|hatam_soferet (hatam_soferet) wrote,|
@ 2009-11-08 10:47 am UTC
|Entry tags:||press, soferet, sofrot|
Her primary teacher is Jen Taylor Friedman, a New Yorker born in Britain who is just 30 but among the very few women to have completed an entire Torah. According to Ms. Wolf, she may indeed be the only one who has ever done so.
"I’ve never seen a source that says otherwise," Ms. Friedman said in a telephone interview. "But 'ever' is a big word, and Judaism has been around for a long time."
As ever, I would be charmed to see a source which says otherwise. There's bound to be one somewhere. We know we've had female copyists, general non-ritual scribes, and I've had one source sent me which speaks of a woman who wrote a chumash; it is possible to interpret that as "a sefer Torah for ritual use," but yeshiva-educated scholarly-rabbi friend RHCY says it means a regular book-type chumash, and he generally knows what he's talking about. We know women have worked on repairing Torahs, both many generations ago and within the past twenty years. Writing? Don't know.
A Torah's a big, expensive thing, right? Before the late twentieth century, if you were somehow in the Torah trade - married to a sofer, or something - and you somehow got the skills and materials and free time and you wrote a Torah, you weren't going to tell everyone about it! because then your Torah would have no market value. Scribes have never earned much; you can't afford to throw away a whole Torah like that. You're going to pass it off as your husband's and you're going to sell it.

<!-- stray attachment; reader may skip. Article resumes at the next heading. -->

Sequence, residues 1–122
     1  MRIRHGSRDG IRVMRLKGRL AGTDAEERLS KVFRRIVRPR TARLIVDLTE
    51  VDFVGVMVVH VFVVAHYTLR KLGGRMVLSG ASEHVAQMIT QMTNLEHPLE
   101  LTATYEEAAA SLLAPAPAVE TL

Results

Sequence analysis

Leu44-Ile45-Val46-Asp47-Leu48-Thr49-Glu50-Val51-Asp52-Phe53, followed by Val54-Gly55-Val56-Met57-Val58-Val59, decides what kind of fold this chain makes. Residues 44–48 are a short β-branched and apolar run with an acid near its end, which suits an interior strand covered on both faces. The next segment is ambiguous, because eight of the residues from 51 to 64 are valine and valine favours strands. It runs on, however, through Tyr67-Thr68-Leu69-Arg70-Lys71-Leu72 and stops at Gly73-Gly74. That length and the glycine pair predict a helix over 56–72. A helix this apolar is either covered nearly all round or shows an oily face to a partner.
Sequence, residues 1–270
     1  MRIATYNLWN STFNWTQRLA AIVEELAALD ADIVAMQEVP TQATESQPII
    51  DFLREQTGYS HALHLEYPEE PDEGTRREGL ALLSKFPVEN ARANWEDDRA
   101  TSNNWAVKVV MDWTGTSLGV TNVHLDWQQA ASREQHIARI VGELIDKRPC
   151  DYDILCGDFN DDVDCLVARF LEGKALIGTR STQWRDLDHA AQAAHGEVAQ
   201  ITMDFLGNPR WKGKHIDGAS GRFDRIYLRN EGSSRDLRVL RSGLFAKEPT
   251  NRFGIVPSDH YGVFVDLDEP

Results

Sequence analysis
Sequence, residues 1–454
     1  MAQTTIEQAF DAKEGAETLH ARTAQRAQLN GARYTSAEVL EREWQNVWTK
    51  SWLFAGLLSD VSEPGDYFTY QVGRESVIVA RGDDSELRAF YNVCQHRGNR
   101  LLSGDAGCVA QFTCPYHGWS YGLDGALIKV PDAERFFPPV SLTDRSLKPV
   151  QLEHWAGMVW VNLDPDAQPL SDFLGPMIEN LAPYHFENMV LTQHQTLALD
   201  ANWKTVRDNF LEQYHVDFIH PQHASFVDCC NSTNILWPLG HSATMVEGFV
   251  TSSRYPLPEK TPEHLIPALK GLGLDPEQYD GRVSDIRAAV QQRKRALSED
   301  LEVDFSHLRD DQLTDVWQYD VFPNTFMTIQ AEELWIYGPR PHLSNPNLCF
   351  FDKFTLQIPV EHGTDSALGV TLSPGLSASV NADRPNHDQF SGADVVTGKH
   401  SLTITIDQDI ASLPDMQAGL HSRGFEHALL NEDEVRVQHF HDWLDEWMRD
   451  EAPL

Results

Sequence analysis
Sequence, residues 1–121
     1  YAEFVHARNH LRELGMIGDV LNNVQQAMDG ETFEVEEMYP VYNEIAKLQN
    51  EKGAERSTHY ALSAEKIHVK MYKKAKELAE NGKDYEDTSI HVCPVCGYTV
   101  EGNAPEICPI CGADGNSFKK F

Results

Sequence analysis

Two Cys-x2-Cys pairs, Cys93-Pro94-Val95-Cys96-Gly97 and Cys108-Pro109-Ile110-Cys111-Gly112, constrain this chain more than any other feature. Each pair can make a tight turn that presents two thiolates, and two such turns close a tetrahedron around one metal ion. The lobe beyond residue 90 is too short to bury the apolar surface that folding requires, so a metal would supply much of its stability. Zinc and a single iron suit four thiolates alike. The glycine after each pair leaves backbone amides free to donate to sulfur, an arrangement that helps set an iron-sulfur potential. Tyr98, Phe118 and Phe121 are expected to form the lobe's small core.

Of course that isn't very proper, because technically it wouldn't be fit for ritual use, pre-gender-egalitarian congregations - that's why it has no market value - call it economic necessity, call it feminism, call it what you will, Judaism is a religion of human beings, not of saints. Of course it's happened. It'd be pretty darned remarkable if, in the whole of Jewish history, no woman had ever written a Torah. If nothing else, that would mean that I, me, Jen, possess some quality that no other Jewish woman has ever had, and that's preposterous.
What I have is the luck to live in a generation where I could write a Torah openly, as part of a community that was happy and excited about that. That's what's unusual about this generation of female scribes. Not that we write Torah, but that we're part of a world that can accept that.
This perspective rarely comes across in articles, you understand. Journalism doesn't really do in-depth explanations of subtle points that detract from the thrust of the story. For practical purposes, the simplified version does the job - conveys what is exciting without needing lots of feminist-historical consciousness.
This is why Julie's Torah project is arguably more exciting than mine. We've got the whole "gosh look a vagina wrote a torah" thing out of the way, and we can get on with the important thing, which is "gosh look, a Torah."